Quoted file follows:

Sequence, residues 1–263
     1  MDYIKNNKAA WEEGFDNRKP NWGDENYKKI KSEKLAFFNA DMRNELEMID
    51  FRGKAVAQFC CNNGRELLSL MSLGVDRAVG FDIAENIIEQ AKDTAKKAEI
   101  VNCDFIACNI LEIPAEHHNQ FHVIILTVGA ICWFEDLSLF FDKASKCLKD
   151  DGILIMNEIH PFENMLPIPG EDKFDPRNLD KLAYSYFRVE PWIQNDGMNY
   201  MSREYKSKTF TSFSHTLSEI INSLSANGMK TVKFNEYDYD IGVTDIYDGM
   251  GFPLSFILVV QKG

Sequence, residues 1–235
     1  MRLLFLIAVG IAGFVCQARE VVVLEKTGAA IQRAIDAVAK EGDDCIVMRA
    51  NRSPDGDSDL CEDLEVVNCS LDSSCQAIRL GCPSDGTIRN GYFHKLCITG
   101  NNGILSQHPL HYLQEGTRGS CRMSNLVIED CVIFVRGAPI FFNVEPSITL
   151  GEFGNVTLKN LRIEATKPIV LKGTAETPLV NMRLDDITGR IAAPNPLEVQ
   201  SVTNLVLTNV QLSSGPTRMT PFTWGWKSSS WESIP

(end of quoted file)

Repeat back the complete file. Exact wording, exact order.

Sequence, residues 1–263
     1  MDYIKNNKAA WEEGFDNRKP NWGDENYKKI KSEKLAFFNA DMRNELEMID
    51  FRGKAVAQFC CNNGRELLSL MSLGVDRAVG FDIAENIIEQ AKDTAKKAEI
   101  VNCDFIACNI LEIPAEHHNQ FHVIILTVGA ICWFEDLSLF FDKASKCLKD
   151  DGILIMNEIH PFENMLPIPG EDKFDPRNLD KLAYSYFRVE PWIQNDGMNY
   201  MSREYKSKTF TSFSHTLSEI INSLSANGMK TVKFNEYDYD IGVTDIYDGM
   251  GFPLSFILVV QKG

Sequence, residues 1–235
     1  MRLLFLIAVG IAGFVCQARE VVVLEKTGAA IQRAIDAVAK EGDDCIVMRA
    51  NRSPDGDSDL CEDLEVVNCS LDSSCQAIRL GCPSDGTIRN GYFHKLCITG
   101  NNGILSQHPL HYLQEGTRGS CRMSNLVIED CVIFVRGAPI FFNVEPSITL
   151  GEFGNVTLKN LRIEATKPIV LKGTAETPLV NMRLDDITGR IAAPNPLEVQ
   201  SVTNLVLTNV QLSSGPTRMT PFTWGWKSSS WESIP